When Games Matter is a weekly exploration by Drew Dixon of meaningful moments in games. Operating under the assumption that games do in fact matter, Drew seeks to highlight those moments that have much to say to say about who we are and the world we live in.

Growing up my brother and I were always really close. When I was young, I wanted to do everything he did and most of the time he would let me. We played all kinds of games together–cowboys and Indians, ninjas, and of course war (of all kinds but usually we were fighting the nazis).  My brother and I were always on the same team and it was a blast playing with him. We also played videogames together: Zelda, Mario, Contra, Double Dragon just to name a few. These videogames never replaced the imaginary games we’d play, in fact if anything they gave us more ideas. I thought he was the coolest and I still do–my brother is a great guy.  As we grew older and my brother left home to go the University of Oklahoma our relationship changed. Mostly because of distance but also because we were just older and our interests were changing.  For better or worse, it just wasn’t the same any more.

When my brother finished college, he moved to Chicago for a job as a regional manager for a fuel company.  He was out on his own with few friends and little to do other than work.  At some point during this time, my brother bought a Playstation 2 and SOCOM: US Navy Seals and began to play fairly regularly. When he asked me to play with him online, I immediately went to the store and bought the game. I didn’t have anything to consider–it was an opportunity to spend time with my brother.

When we first started, we would play on the same team against random opponents online. We were terrible and we lost a lot of matches but it didn’t matter. We had headsets so we could talk to each other as we played, we would work together planning our attacks and warning each other of potential threats. It was like we were kids again fighting to save the world from Nazi invasion. My brother and I were connecting again, in our game sessions we would talk about all kinds of things but mostly we would laugh and commiserate about how terrible we were.

We each had good friends who played the game and eventually we started playing 2 v 2 private matches. These were epic matches. My brother’s friend was really good and SOCOM is not like other shooters which allow you to respawn into the level each time you die.  In most SOCOM matches, when you died, you had to wait until the game was over and a new match began to get back in.  This made every movement feel important.  It required team work, vision, and strategy.  It didn’t necessarily matter who was the most dexterous with a PS2 controller, what matter was who was sneakier and smarter.  My favorite mode required one team to sneak into the other’s base, set a bomb to detonate, and then escape.  You couldn’t make any mistakes along the way or you were sure to lose.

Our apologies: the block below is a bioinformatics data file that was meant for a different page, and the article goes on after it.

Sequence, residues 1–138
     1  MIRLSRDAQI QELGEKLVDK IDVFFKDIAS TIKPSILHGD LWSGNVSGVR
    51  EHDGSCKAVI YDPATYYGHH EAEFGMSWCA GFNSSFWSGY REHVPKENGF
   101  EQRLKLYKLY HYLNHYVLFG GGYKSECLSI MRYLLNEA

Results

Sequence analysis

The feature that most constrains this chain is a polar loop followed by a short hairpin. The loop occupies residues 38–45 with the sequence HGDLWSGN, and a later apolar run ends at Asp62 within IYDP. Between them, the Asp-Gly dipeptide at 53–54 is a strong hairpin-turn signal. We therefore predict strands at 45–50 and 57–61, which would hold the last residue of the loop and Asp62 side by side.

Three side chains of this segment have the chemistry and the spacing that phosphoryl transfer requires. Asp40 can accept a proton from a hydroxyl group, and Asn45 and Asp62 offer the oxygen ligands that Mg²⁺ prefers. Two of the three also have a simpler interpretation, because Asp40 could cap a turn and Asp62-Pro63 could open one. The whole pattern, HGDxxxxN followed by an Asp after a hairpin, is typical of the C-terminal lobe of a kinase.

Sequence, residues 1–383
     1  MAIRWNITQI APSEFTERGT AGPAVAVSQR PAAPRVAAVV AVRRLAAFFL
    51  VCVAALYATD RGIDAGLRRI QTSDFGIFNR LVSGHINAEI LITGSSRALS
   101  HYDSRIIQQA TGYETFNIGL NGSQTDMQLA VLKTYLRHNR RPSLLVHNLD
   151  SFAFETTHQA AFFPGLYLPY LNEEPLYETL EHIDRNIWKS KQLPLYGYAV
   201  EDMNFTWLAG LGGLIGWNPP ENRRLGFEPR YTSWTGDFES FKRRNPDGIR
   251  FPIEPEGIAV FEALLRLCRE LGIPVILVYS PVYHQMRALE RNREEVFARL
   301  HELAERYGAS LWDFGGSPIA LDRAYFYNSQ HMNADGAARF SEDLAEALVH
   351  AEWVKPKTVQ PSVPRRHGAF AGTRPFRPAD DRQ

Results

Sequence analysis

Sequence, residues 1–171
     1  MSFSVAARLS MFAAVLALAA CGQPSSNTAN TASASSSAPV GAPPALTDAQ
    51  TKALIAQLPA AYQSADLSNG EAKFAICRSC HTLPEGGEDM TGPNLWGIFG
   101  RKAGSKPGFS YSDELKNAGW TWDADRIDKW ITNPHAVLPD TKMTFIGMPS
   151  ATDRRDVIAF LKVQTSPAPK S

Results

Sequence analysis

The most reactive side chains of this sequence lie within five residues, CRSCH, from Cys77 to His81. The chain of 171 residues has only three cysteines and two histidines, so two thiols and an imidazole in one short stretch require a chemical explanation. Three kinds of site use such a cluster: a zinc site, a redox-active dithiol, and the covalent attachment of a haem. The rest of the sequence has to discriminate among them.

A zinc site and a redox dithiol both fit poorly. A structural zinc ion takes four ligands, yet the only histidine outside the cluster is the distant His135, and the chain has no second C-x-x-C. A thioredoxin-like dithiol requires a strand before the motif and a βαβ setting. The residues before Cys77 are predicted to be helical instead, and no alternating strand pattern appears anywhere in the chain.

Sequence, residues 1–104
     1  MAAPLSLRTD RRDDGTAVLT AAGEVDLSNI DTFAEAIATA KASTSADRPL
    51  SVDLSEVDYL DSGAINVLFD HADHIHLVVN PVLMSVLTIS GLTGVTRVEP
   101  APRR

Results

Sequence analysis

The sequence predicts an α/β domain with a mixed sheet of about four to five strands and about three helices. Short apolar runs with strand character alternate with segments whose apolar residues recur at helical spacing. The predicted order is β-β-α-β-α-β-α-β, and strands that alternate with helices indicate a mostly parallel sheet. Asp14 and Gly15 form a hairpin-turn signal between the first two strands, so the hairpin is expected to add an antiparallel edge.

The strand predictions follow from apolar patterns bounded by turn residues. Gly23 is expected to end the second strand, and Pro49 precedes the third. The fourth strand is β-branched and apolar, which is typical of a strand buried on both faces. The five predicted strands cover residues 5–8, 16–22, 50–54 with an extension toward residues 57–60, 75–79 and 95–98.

Our SOCOM matches were intense. It was the team with the best strategy that most often won–you had to work with your teammate or you were sure to be watching the rest of the game as a spectator and leaving your teammate out to dry. These games felt epic–partly because of the way SOCOM was designed and partly because I was playing with my brother. Sadly my brother no longer plays videogames very much but I am glad he did if only for a short time. I don’t ever want to forget what it was like growing up playing games together.


  1. I’m 33 and my sister is 29. She’s never really cared for games much beyond the NES we received as a joint gift in 1987. I played the most, but occasionally we’d sit together and I’d help her get to the warp tunnels or find the Master Sword. Beyond that she lost interest.

    But recently she surprised me by wanting to play Left 4 Dead (zombie kick!). She really struggles with the FPS controls and we struggle to make it through a scenario on easy. She doesn’t seem to believe that I don’t care if we don’t make it and have to start over, but it’s all a blast for me.

  2. I think I know exactly what you mean. I have similar experiences playing Little Big Planet with my wife. I think is better at it than me sometimes but when we finish a level she will get upset if I have more points than her–and I really don’t care–I am just relishing playing with her.

    So you have Left 4 Dead 1 or 2 or both? I was thinking it would be fun to resurrect some L4D matches if we could get a group that would be interested.

  3. I have it for pc, got it for like $5 on one of those steam sales. Looks like I could get it for about $20. If there was a commitment to the idea that would be worth doing. Otherwise, we should stick to what we know I guess or all commit to getting Battlefield 3 at launch ;)

  4. Can’t wait for Battlefield 3. In the mean time, I’m playing Bad Company 2. Can’t stand Call of Duty.

    Left 4 Dead beats out both in terms of raw fun, especially when playing with others in the same room. I wish I could get my bro into it, but he’s too scared of zombies!

  5. Sorry for the double post, but I forgot to mention Portal 2. It has brought me and my brother closer in a way that only solving the hardest of puzzles can. I don’t know if that feeling can be experienced outside of video games.

    My Steam ID is dtk241, if anyone’s interested in a little L4D.

  6. @David I will add you next time I am on Steam. I only have L4D2 though, I don’t have the first game.

    Are you playing Portal 2 on PC? I got it for 360–mostly because I had more friends interested in playing it on that system.

  7. @Drew

    Doh! I got if for PS3 because it came with a free version for PC and Mac, only to find out all of my friends got it for 360.

    And yeah, I’m just as happy to play L4D2 as L4D.

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